Beyond that, however, Congress is theoretically free to structure the expenditure of public money however it wishes. For convenience’s sake, lawmakers prefer annual appropriations for most agencies so they can better exercise their oversight powers and make adjustments when needed. A federal district court easily rejected the lenders’ challenge to the CFPB funding structure, concluding that when “a statute authorizes an agency to receive funds up to a certain cap, there is no Appropriations Clause issue.”

Then came the Fifth Circuit Court of Appeals. A three-judge panel, led by Judge Cory Wilson, concluded that the funding structure was actually unconstitutional. Wilson’s ruling depicted the CFPB, a consumer-finance watchdog agency, as a serious threat to American liberty, quoting from a Federalist Papers essay by James Madison on “elective despotism” in his opening. He reasoned that “Congress’s decision to abdicate its appropriations power to the Bureau” violated the separation of powers and brushed aside (correct) evidence that Congress has generally given budgetary autonomy to other financial regulators, including the Federal Reserve itself.

Wilson’s ruling reflected a deeper current of hostility toward the CFPB itself that runs through most of the conservative legal movement. Republican lawmakers, right-wing think tanks, and other donor-funded groups have repeatedly sought to curb or even destroy the agency’s ability to supervise consumer-facing financial products like mortgages, payday lenders, student loans, and more. As I’ve noted before, their hyperbolic claims about the CFPB’s powers and duties often describe an agency that’s been charged with protecting regular Americans from unfair financial practices and the grifters who dream them up as an existential threat to those Americans’ liberty.

Some of the justices appeared to sympathize with those concerns. The court’s more conservative members framed their barbs against the CFPB through hypotheticals, as if to say that allowing the agency to stand would invite worse things in the future. “So suppose Congress said there are a lot of outside entities that have a great interest in the work of the SEC, so we don’t think we need to appropriate any money for the SEC,” Justice Samuel Alito asked Prelogar at one point, referring to the Securities and Exchange Commission. “The SEC can simply rely on private donations and build up its own endowment, so to speak.”

Prelogar replied that it would likely be constitutional under the government’s reading of the appropriations clause, pointing to instances where Congress had set up scholarship funds that accepted private contributions. But she also noted that it would be highly unlikely for Congress to structure a regulatory agency like that because of the extremely obvious risk of regulatory capture. Besides, it’s hard to imagine that the deep-pocketed forces arrayed against the CFPB would need to do anything about a consumer-funded consumer watchdog other than outspend it.

Justice Neil Gorsuch suggested that, under the government’s reading, there was no cap to what Congress could theoretically authorize an agency to draw upon for its budget. “Your theory doesn’t turn on there being an upper limit?” he asked Prelogar. “Our theory doesn’t turn on it because of the wealth of historical evidence,” she replied. “OK, so the president could take a trillion dollars if he wished to?” Gorsuch asked.

“No, because I think that Congress itself has specified that the director is limited to the amount that’s reasonably necessary to carry out federal consumer financial law,” Prelogar explained. “But, if the president determined it was reasonably necessary to take a trillion dollars, that would satisfy your concern and, on the appropriations clause itself, has no upper-limit constraint?” Gorsuch continued. “I think that that would violate the statute, and the same theoretical possibility exists with all of the other financial regulators I’ve been discussing,” she noted.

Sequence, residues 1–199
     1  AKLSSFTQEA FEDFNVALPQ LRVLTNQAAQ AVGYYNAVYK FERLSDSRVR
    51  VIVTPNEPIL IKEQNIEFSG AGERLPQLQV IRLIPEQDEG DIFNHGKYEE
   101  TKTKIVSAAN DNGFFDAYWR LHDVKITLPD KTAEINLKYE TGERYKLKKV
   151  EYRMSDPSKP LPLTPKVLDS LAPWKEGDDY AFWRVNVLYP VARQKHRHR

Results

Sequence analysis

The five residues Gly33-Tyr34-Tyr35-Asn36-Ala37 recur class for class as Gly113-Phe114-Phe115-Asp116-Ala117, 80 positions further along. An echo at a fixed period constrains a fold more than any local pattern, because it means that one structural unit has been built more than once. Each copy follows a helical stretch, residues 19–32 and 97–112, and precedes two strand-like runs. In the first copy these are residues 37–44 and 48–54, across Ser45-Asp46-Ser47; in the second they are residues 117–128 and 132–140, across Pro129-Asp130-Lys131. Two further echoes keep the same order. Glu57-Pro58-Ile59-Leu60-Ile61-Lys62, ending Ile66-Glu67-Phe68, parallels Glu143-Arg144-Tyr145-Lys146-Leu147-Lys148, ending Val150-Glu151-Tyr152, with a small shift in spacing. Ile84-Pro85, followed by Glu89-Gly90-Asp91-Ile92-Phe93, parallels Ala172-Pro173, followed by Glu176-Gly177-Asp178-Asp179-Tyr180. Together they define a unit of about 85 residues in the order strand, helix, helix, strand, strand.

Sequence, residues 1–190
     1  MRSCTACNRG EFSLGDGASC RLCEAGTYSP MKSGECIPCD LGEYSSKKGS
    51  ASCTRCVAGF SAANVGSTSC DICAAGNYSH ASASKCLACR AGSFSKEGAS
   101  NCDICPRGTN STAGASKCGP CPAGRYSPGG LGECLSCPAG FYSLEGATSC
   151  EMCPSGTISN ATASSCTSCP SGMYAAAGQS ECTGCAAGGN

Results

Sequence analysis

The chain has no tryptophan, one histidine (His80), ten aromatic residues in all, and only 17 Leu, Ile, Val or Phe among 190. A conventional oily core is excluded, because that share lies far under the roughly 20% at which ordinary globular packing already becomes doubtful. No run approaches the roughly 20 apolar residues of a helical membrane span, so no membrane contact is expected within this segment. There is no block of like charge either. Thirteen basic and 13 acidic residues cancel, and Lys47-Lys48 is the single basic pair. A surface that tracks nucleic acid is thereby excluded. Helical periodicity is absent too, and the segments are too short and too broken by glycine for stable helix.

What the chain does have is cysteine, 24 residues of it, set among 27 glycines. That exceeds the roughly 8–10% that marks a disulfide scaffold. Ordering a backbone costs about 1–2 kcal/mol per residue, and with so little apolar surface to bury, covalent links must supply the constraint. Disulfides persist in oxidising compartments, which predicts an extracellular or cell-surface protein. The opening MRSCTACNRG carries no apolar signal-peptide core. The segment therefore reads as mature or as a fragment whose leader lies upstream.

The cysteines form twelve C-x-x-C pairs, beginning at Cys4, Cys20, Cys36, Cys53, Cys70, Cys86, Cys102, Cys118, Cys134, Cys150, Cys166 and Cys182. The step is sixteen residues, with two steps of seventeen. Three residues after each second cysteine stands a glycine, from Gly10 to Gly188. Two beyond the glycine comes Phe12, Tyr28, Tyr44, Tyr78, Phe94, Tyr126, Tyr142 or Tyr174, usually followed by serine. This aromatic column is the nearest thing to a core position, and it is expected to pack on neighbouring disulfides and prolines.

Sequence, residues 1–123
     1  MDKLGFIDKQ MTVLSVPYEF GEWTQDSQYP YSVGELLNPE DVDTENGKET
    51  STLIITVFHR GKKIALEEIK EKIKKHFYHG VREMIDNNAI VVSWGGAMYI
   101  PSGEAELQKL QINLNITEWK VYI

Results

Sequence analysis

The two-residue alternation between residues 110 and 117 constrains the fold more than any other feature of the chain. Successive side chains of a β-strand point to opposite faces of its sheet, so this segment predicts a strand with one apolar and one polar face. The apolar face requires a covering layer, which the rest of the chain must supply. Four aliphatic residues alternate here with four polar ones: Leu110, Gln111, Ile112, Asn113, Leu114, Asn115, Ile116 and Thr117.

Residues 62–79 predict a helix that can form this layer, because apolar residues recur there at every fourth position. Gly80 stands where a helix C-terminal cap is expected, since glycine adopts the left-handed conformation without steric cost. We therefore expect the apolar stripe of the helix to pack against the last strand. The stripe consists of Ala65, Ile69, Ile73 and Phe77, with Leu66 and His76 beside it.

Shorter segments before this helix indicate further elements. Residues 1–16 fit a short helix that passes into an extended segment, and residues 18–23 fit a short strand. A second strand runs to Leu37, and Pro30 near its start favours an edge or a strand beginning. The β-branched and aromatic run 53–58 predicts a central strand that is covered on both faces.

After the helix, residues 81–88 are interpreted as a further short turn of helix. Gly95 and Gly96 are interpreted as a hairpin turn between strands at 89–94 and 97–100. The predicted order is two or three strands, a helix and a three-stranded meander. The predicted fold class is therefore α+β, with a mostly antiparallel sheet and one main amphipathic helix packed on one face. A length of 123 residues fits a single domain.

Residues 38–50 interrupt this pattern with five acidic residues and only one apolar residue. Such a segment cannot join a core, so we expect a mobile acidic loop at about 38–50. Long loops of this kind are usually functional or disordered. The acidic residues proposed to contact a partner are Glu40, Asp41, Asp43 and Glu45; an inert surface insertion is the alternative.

Gorsuch continued his line of questioning by changing it to ask not only whether the appropriations clause allowed a president to take “a trillion dollars,” but also whether he could refuse to take any money at all in theory. “I don’t think the appropriations clause would be a check there,” Prelogar replied, “although, of course, Congress could then exercise its authority and its power over the purse to change the discretion that’s provided to require the president or the director of the agency to take a particular amount.”

It’s possible that Gorsuch was just testing the bounds of Prelogar’s theory, but at a certain point, the discussion with him and Alito seemed to hinge on whether Congress was simply allowed to make bad decisions. Justice Ketanji Brown Jackson suggested at one point that the real separation-of-powers concerns in this case might come not from Congress or the White House, but from the Supreme Court itself. “How do we avoid the judiciary becoming suddenly a supra-legislator, just telling the Congress, agency by agency, whether it’s a thumbs up or thumbs down from our perspective about these things?” she asked. “I mean, where are these limits in the law that prevent us from overstepping our authority?”

All the usual caveats still apply about predicting Supreme Court cases based on oral arguments, which can only offer a brief snapshot into the justices’ thinking that may not reflect their final rulings. But those who hoped the court would strike down the CFPB’s funding structure can only be disappointed by how Kavanaugh and Barrett aligned themselves in Tuesday’s session. The two justices seemed unwilling to read things into the Constitution that weren’t clearly there or deviate from the text and the historical practice—two things that the conservative legal movement once touted championing itself but seems to have forgotten in its advocacy in this case.